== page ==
Archive for June 8th 2009

For the past several weeks, I’ve been shooting a new air pistol that I believe is a classic in the making. The RWS LP8, also known as the Diana LP8, is a break-barrel, spring-piston, single-shot air pistol that will replace the 5G pistol. Available only in .177, the LP8 stretches nearly 18 inches from end to end, weighs 3.2 lbs, and has an integrated top rail for mounting a scope or red dot.

The LP8 is set up a bit like the old powder burning Fireball pistol, which had a fair amount of the receiver rearward of the pistol grip and overhanging the shooter’s hand. The LP8 is designed to be ambidextrous. Both sides of the action are enclosed by a handsome matte finish black metal casting, and the pistol grip is enclosed by molded ambidextrous plastic grips. Further, on either side of the receiver, just above the grips, is a flip-lever safety. Truly, the ergonomics of this pistol will keep both lefties and righties happy.

At the very stern of the LP8 is a metal name plate that says “RWS.” Just above that, on top of the receiver, is a micro-adjustable rear notch sight with a fiber optic green dot on either side of the notch. Moving forward, you’ll find the rail for mounting a scope or red dot. (In the picture, you’ll notice that I used a Leapers 3/8-to-weaver adaptor to mount the red dot on my LP8, but I did that only because the only unused red dot that was available had weaver mounts.) The receiver measures nearly 11 inches from the front edge to the back of the pistol. Moving forward again, you’ll find the barrel and a muzzle weight with the front sight which has a red fiber optic dot.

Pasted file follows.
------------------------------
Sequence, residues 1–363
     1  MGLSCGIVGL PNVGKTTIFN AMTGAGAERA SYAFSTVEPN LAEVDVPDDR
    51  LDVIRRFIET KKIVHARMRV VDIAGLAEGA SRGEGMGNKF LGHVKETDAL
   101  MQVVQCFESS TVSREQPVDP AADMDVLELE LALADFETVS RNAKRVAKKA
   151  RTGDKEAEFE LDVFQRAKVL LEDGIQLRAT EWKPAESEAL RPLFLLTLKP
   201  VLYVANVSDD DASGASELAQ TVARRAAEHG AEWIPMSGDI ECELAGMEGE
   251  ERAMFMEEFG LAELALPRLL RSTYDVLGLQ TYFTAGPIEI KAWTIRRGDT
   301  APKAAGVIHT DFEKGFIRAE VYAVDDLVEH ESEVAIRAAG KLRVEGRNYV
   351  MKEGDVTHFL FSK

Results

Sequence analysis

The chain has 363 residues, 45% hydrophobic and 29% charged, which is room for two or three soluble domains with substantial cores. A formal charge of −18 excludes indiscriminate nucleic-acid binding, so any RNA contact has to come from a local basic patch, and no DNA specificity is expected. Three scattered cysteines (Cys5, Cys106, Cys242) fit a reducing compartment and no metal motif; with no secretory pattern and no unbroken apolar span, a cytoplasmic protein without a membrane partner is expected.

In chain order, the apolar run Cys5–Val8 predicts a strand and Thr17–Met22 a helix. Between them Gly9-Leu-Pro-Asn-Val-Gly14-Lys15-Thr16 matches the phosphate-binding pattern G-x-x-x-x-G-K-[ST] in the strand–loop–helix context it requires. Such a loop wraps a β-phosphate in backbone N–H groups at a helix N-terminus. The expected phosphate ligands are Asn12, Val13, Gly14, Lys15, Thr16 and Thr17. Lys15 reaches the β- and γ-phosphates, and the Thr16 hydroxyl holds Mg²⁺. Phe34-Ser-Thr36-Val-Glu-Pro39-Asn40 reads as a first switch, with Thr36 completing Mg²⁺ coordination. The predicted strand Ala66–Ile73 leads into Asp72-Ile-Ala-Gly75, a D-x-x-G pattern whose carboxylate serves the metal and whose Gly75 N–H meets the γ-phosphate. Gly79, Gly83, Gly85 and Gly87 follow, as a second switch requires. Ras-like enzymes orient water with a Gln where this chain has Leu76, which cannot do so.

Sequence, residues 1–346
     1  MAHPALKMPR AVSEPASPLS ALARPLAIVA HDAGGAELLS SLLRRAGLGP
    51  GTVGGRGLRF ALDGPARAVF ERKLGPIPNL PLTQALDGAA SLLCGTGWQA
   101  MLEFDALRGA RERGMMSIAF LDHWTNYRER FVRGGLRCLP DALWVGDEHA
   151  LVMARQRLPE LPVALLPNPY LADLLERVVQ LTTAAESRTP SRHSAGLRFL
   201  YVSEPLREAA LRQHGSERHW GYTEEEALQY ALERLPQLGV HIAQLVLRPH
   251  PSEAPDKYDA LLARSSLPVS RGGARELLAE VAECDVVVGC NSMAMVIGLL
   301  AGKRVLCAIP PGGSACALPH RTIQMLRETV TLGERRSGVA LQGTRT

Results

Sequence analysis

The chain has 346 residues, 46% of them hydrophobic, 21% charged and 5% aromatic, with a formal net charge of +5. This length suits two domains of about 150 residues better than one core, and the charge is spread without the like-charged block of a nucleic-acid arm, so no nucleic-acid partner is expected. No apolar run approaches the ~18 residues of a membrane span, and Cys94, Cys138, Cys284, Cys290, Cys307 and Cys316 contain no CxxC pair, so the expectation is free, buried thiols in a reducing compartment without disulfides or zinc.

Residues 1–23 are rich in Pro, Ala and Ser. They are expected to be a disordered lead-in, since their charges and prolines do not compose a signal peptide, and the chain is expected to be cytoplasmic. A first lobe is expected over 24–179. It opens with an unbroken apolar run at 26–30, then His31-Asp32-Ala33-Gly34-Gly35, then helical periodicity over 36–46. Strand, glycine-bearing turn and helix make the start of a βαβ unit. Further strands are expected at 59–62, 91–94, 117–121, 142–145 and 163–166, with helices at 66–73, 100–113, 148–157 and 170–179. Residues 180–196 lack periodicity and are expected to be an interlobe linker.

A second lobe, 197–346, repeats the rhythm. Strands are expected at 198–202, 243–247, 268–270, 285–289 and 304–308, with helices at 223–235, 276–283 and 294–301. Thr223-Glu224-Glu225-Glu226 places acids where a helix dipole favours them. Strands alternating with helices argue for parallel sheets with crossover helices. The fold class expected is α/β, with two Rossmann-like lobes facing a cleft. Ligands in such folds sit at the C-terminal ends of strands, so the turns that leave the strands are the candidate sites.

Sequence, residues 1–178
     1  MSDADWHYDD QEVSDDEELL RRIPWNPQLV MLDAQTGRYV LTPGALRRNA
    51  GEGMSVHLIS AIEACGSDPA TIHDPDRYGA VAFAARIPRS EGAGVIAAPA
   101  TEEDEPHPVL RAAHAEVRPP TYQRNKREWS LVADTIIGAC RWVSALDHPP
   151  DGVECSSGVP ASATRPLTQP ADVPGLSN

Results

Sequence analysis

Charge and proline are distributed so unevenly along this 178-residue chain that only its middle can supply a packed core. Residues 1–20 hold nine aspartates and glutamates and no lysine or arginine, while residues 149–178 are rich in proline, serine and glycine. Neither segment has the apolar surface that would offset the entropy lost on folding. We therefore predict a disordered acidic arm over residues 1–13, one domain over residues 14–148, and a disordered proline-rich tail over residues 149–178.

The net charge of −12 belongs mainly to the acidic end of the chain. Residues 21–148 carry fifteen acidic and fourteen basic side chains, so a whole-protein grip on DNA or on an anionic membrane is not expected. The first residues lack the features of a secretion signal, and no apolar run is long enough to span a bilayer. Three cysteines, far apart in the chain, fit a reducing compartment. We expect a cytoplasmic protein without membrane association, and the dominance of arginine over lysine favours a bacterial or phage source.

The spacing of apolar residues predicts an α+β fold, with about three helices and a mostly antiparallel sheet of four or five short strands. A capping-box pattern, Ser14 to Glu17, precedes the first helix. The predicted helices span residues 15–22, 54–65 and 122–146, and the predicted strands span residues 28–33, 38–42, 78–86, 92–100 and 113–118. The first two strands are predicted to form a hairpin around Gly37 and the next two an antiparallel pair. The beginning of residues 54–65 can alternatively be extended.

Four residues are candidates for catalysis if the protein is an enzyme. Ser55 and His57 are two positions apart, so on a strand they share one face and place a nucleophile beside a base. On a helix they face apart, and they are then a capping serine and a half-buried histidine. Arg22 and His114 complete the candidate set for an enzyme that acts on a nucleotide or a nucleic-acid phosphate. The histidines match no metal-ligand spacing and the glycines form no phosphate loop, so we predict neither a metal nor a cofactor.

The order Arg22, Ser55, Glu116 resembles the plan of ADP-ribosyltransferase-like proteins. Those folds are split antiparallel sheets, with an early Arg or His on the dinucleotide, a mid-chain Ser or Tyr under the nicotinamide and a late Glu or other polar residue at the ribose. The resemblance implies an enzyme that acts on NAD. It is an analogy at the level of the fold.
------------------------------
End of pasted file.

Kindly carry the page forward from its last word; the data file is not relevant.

Moving underneath the receiver, the trigger guard is an integral part of the castings that surround either side of the action. Inside the trigger guard is a metal trigger which has a grooved front surface. Underneath the trigger guard in a small hole for a screw that prevents trigger overtravel and should not be adjusted.

Loading the LP8 is dead easy: grab the muzzle weight from underneath (otherwise the front sight will poke you in the palm) and pull down and back until the barrel latches. This cocks the action and activates the automatic safety. Insert a .177 pellet into the exposed breech and return the barrel to its original position.

Now you’re good to go. Flip off the safety lever, ease the first stage out of the trigger and squeeze just a bit more. According to my Lyman digital trigger gage, out of the box, the first stage takes 2 lb 13 oz, and the shot goes off at 3 lb 11 oz, and I had no difficulties achieving satisfying accuracy with that weight of trigger.

The shot cycle is very smooth, and makes kind of a “doink” sound that is very neighbor friendly. You can hear some vibration, but you don’t feel it in your hands. On my Oehler chronograph, the LP8 was sending 7.9 gr. Crosman Premier Light pellets downrange at 558 fps average. That’s within kissing distance of an untuned Beeman R7 rifle. By contrast, my RWS 5G pistol launches the same pellets at 530 fps average. In an email, the folks at UmarexUSA told me they got the following results: RWS Hypermax 645 fps, RWS Hobby 560 fps, RWS Super H-Point 550 fps, and RWS Super Dome 500 fps.

Fooling around in my side yard, from a sitting position, and using a red dot (which is not the best choice for ultimate accuracy), I put five shots into a group that measured 11/16 inch edge to edge. Three of the shots were in a cloverleaf group where all the holes touched each other.

The bottom line is that I think the LP8 is one heck of an air pistol. It has power, accuracy, and it’s fun to shoot. My prediction is that a lot of airgunners will think the same thing and vote with their wallets.

Til next time, aim true and shoot straight.

– Jock Elliott